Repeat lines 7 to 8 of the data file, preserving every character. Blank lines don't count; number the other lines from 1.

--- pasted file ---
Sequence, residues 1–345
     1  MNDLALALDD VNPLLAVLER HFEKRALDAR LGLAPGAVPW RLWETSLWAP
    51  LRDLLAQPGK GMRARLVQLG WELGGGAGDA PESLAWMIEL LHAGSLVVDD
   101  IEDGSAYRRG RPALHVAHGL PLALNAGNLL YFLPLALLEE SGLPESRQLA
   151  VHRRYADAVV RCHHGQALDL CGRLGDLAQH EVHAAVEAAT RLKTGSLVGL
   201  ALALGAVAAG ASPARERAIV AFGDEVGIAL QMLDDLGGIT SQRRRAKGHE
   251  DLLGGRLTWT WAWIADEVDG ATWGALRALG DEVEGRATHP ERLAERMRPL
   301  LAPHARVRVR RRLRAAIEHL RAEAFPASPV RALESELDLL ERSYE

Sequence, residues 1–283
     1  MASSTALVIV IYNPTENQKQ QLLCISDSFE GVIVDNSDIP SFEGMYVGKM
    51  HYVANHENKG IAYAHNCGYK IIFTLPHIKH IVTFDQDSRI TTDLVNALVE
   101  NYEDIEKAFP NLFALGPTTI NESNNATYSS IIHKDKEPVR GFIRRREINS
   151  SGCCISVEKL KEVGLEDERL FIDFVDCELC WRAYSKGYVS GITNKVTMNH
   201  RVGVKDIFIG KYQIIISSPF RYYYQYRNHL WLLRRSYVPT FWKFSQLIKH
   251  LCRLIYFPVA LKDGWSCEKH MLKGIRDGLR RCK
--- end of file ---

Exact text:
   251  DLLGGRLTWT WAWIADEVDG ATWGALRALG DEVEGRATHP ERLAERMRPL
   301  LAPHARVRVR RRLRAAIEHL RAEAFPASPV RALESELDLL ERSYE